Thoughts on the Upcoming Film Version of Without Remorse

I remember I was a relative newcomer to the techno-thriller genre when Tom Clancy's Without Remorse (1993) hit the stores.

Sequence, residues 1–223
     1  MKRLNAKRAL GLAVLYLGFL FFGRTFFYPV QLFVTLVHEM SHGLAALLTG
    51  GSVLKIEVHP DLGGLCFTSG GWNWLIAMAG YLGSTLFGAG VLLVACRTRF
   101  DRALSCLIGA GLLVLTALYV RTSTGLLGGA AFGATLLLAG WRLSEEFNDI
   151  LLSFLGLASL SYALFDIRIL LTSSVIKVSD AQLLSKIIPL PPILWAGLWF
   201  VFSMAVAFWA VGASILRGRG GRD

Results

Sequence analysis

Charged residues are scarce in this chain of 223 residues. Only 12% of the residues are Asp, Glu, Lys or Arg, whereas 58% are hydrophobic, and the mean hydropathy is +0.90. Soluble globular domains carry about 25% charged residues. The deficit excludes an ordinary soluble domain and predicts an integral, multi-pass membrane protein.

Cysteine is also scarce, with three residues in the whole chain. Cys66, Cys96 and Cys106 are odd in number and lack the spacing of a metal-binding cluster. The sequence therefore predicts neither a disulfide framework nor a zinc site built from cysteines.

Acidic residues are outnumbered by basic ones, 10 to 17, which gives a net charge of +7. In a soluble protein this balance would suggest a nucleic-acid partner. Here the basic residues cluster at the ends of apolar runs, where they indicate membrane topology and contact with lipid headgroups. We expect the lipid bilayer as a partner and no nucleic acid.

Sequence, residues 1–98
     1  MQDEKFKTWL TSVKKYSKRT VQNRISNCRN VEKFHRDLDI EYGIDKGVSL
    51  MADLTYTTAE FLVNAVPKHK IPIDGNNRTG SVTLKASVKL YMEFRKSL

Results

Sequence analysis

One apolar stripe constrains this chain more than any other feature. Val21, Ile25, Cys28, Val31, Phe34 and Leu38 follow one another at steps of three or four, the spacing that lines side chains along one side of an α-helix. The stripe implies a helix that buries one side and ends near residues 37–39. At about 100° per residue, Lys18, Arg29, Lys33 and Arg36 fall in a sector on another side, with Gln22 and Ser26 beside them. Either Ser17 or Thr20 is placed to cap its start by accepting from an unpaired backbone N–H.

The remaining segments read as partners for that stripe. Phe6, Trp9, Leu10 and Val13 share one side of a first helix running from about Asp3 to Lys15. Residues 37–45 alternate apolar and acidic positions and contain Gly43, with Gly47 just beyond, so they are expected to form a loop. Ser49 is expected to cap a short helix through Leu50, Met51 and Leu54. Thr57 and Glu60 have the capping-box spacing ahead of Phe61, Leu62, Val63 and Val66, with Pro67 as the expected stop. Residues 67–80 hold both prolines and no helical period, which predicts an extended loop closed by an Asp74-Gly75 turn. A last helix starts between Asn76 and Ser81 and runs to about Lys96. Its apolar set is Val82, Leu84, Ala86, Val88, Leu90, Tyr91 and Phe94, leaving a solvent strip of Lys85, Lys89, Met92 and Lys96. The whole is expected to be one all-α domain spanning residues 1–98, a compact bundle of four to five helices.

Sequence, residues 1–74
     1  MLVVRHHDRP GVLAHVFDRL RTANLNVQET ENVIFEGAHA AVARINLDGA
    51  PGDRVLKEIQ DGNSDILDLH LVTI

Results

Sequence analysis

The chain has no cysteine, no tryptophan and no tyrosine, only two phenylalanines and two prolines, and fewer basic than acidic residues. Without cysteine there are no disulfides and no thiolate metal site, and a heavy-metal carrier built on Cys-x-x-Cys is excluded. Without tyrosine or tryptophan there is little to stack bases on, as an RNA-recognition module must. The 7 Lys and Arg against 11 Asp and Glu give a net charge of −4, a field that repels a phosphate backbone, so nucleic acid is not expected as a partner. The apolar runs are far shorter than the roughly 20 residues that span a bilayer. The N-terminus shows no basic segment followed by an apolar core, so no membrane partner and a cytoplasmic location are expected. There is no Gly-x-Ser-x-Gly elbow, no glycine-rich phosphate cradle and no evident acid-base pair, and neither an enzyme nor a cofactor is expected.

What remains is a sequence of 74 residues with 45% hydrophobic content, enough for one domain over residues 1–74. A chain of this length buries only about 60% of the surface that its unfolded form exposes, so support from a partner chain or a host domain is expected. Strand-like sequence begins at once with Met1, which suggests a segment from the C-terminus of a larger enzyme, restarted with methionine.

Still, by that point I had already developed certain preferences. It seemed to me that Clancy was more interesting when he was writing wide-view portraits of geopolitical maneuverings involving submarines and space systems (like in, say, The Cardinal of the Kremlin) than when he was writing character-centered stuff where the "heavy artillery" is something carried in the hand (as in Patriot Games). And while this was long before I had grown cynical about prequels, especially the kind devoted to the "making of" some action hero (action heroes are wish-fulfillment figures, after all, and where their past is concerned less tends to be more), I still was not all that interested in a story of Clark's youth. Or intrigued by the associated decision to drop the genre's accustomed present-day emphasis to go back in time a couple of decades to the "last months of the Vietnam War" setting that seemed to me less appealing imaginatively than a contemporary scenario, the more so as, in the early '90s, the Vietnam theme seemed overfamiliar, even stale, as far as this sort of tale went.